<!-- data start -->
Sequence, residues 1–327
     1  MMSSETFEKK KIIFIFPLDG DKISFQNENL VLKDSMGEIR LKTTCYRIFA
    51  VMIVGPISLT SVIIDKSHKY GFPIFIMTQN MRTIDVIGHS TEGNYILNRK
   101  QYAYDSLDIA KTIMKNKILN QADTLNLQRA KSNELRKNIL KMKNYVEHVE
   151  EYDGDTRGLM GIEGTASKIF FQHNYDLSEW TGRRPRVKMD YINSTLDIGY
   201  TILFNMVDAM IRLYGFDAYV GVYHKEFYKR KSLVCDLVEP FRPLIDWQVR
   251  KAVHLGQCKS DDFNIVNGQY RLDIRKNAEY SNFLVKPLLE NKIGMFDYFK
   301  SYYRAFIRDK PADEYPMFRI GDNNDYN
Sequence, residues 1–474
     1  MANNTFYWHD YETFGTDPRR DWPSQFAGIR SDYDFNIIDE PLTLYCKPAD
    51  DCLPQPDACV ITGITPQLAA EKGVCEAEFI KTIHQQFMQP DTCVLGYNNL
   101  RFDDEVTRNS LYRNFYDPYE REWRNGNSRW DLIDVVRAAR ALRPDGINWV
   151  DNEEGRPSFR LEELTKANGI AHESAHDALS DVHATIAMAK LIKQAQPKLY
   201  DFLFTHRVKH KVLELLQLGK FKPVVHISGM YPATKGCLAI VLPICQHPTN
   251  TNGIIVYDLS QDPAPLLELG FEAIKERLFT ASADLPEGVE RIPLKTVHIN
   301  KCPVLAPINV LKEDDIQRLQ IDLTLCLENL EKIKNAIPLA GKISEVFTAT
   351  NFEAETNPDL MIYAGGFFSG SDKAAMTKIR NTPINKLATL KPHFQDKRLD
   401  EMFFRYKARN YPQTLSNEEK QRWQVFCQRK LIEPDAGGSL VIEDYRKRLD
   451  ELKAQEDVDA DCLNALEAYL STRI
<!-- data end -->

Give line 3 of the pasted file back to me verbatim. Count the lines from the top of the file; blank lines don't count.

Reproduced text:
    51  VMIVGPISLT SVIIDKSHKY GFPIFIMTQN MRTIDVIGHS TEGNYILNRK